What is a food allergy?

A food allergy is a reaction of the body’s immune system that generally occurs soon after eating certain food. Some people experience severe reactions known as anaphylaxis, which can be dangerous and even life threatening if left untreated. Although there is no cure, it is possible that some children may outgrow their food allergy as they get older.

How fast can you have an allergic reaction to food?

Food allergy symptoms can develop within minutes of consuming the food or can take several hours to advance.

Food Allergies vs. Food Intolerance

Unlike other types of food disorders, such as intolerances, food allergies are “IgE mediated.” This means that your immune system produces abnormally large amounts of an antibody called immunoglobulin E — IgE for short. IgE antibodies fight the “enemy” food allergens by releasing histamine and other chemicals, which trigger the symptoms of an allergic reaction.

Allergic Reactions

An allergic reaction to a particular food may be uncomfortable but not necessarily severe. For other people, an allergic food reaction can be frightening and even fatal.

8 common foods that can cause an allergic reaction

There are eight foods that frequently cause allergic reactions, although any type of food could be the cause.

Eight foods that frequently cause allergic reactions

● Peanuts

● Tree nuts

● Milk

● Egg

● Wheat

● Soy

● Fish

● Shellfish


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Anaphylaxis is a severe allergic reaction that can lead to death if not given immediate medical attention.

Anaphylactic reactions most commonly occur when someone is exposed to something they’re allergic to, such as insect stings, latex, medications and/or foods.

If someone is exposed to a substance they’re allergic to, their immune system will overreact and release chemicals that bring about symptoms of an allergic reaction.

However, certain people are prone to having severe allergic reactions known as anaphylaxis, which usually affects several parts of the body simultaneously (see below).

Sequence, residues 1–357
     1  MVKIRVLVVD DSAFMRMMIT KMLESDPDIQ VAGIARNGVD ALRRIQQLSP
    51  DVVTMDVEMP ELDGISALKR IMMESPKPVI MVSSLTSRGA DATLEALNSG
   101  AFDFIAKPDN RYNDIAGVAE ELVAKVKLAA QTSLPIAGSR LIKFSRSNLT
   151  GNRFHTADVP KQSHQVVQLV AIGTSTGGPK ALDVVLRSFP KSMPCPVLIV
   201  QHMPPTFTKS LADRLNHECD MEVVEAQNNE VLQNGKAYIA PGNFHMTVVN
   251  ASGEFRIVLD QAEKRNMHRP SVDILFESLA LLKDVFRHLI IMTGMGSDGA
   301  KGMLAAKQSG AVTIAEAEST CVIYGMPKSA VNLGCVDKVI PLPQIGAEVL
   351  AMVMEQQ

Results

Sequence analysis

A person who has been diagnosed as being at risk of anaphylaxis, must always have on hand, an auto-injectable device containing epinephrine such as an EpiPen. A single dose of this medication should be immediately injected into the thigh of the affected person in the event of an anaphylactic reaction, followed by calling 911.

Typical warning signs involve several parts of the body

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• Swollen throat and/or difficulty breathing

• Blocked throat and/or difficulty swallowing

• Wheezing

• Swelling in different areas of the body

• Itchy red skin rash, welts or hives

• Reddish or flushed tone to the face and/or body

• Sense of impending doom

• Tightness in the chest area

• Passing out

• Voice is raspy/hoarse

• Cramping in the stomach

• Diarrhea

• Vomiting

• Overly pale face and/or body


• The patient must avoid any exposure to all allergens that set off the allergic reaction. Have an action plan and be prepared at all times for an emergency situation.

• It is vital that the affected person’s co-workers, family members and others they are in close contact with be informed of the diagnosis and learn how to quickly use the auto-injector in case of an emergency.

Epinephrine Auto Injectors

Epinephrine is the only treatment for a severe allergic reaction known as anaphylaxis is available in the form of easy to use auto-injectors. Epinephrine auto injectors are only available through a prescription by your doctor.


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